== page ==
About Altitude Sickness
Prevention is key
Altitude illness is usually preventable if ascent is slow. This is not possible for skiers who proceed directly to, and sleep at ski areas. Persons traveling above 8,000 feet (which includes Taos Ski Valley, Red River and Angel Fire) are most likely to be symptomatic. The chances increase to about 15% when sleeping above 8,000 feet. Being in excellent physical condition has no bearing on one’s ability to acclimate to altitude.
How can you improve acclimation to altitude?
Sleeping a night or two at a lower elevation will help speed up the body's process of acclimatizing. (Albuquerque, Denver, Taos, & Santa Fe).
Take it easy
Many skiers can not resist the urge to overdo it the first day or two only to ruin the rest of the week. Stop early when you start to feel fatigue or any prolonged breathlessness.
High Carbohydrate Diet
Increase carbohydrate intake (pasta, rice, pancakes) to 70% of total calories. This means reducing fat intake.
Avoid Alcohol, Tranquilizers and Sleeping Pills the first two nights.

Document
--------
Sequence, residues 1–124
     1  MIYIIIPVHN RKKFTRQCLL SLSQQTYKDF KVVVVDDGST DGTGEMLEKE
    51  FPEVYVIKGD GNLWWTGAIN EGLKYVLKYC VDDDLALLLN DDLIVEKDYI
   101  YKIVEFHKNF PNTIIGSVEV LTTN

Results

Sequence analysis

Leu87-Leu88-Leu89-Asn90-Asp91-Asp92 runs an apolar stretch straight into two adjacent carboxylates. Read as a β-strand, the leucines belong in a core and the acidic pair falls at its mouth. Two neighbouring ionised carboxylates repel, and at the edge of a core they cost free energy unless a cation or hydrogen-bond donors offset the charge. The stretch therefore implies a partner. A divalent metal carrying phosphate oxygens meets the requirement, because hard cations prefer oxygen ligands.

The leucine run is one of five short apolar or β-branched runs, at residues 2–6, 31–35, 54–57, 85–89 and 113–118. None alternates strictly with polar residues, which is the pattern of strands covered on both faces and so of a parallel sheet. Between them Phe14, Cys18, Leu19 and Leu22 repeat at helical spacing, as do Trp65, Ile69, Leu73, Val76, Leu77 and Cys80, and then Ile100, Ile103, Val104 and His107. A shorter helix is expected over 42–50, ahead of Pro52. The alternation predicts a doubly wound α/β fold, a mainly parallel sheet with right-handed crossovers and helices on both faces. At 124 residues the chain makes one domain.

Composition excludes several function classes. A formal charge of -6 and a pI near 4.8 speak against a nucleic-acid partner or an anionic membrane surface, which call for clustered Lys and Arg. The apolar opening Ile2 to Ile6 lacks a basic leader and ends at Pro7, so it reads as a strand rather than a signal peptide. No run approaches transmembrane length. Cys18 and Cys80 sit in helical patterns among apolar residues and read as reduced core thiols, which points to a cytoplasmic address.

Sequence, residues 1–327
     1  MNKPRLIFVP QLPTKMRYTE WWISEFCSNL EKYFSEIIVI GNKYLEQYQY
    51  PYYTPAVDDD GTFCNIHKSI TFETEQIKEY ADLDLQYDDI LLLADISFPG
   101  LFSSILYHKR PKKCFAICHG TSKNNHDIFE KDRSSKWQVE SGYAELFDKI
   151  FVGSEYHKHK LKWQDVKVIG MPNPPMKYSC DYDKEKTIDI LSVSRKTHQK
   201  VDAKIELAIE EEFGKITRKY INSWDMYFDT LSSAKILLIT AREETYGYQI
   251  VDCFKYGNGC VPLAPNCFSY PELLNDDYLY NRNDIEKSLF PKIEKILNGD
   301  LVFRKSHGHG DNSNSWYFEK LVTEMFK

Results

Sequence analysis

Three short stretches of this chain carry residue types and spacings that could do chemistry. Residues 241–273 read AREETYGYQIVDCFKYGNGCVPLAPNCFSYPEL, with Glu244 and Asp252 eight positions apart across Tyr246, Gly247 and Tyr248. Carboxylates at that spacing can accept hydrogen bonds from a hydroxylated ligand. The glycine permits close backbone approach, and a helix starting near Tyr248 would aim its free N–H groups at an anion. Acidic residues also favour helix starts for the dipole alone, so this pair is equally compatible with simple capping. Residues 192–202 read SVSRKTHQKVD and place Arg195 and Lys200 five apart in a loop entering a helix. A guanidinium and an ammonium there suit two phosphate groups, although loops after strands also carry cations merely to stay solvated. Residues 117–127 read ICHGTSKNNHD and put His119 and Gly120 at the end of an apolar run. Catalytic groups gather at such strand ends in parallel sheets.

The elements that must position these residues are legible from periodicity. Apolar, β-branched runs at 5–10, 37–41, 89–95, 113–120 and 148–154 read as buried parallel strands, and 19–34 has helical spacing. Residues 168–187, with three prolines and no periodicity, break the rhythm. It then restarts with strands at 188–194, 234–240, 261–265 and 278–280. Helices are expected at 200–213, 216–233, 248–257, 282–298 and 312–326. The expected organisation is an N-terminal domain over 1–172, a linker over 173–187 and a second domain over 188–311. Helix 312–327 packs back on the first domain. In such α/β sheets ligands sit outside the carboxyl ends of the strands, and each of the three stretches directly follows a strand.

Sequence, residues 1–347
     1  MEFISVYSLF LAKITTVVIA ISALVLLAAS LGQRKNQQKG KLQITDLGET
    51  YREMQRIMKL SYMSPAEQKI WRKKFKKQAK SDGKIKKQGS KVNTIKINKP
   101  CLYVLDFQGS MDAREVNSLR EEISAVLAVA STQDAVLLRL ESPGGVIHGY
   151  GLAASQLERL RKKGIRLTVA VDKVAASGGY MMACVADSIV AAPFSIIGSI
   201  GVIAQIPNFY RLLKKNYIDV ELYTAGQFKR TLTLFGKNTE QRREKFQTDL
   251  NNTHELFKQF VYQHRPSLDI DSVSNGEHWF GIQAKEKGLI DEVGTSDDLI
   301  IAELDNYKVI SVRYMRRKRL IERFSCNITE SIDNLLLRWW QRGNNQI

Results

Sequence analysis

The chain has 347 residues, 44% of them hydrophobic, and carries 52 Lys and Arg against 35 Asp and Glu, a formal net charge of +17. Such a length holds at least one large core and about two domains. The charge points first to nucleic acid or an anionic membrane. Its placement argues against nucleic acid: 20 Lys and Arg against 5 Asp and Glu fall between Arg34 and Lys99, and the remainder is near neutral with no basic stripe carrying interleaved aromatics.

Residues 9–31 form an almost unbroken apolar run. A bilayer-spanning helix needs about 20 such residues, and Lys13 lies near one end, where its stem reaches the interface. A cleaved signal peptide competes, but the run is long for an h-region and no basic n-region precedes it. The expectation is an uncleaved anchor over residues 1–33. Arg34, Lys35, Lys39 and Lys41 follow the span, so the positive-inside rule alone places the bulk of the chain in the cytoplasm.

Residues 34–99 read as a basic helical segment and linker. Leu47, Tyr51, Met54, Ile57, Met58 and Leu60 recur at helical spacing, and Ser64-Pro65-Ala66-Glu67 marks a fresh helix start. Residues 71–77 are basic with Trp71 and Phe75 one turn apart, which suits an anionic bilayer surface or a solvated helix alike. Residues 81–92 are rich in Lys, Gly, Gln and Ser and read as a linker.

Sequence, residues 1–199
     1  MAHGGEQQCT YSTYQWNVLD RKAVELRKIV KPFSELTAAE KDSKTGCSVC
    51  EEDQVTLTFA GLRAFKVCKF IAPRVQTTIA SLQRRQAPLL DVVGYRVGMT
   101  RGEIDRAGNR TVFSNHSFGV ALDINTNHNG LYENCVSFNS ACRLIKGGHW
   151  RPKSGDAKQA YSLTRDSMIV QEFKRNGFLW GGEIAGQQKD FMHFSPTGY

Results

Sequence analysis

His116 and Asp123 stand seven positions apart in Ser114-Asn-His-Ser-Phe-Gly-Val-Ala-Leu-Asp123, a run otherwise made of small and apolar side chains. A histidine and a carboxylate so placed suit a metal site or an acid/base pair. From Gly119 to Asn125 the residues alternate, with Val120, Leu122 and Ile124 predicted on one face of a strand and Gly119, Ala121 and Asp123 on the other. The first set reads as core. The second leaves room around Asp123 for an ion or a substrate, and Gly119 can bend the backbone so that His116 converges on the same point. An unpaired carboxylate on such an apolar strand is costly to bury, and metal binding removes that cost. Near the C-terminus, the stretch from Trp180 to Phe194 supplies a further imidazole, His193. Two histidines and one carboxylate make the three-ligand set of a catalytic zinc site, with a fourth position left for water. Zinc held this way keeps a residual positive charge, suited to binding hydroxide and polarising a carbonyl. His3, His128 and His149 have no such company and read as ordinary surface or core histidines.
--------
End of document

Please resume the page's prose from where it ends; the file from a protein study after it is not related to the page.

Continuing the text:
All of these things slow down your body’s adjustment to elevation. This is critical if you exhibit any of the symptoms below.
There is prescription medication which helps prevent illness and speed acclimations. Any symptoms worse after second night sleeping at altitude will benefit from this medication.
Symptoms of altitude sickness
- Poor appetite
- Run down feeling
- Shortness of breath with exertion
Mild symptoms are indistinguishable from hangover. Take Tylenol or aspirin for headache. Benadryl for nausea. Avoid all alcohol.
- Headache not relieved by Tylenol/aspirin
- Raspy Cough
- Balance/coordination problem
If moderate symptoms occur seek medical care. Balance difficulty is a highly predictive serious progression of illness. See physician immediately!
- Wet Cough
- Disoriented “leave me alone”
- Too weak to eat or get up
- Lips or fingernails blue in color
Seek medical help immediately.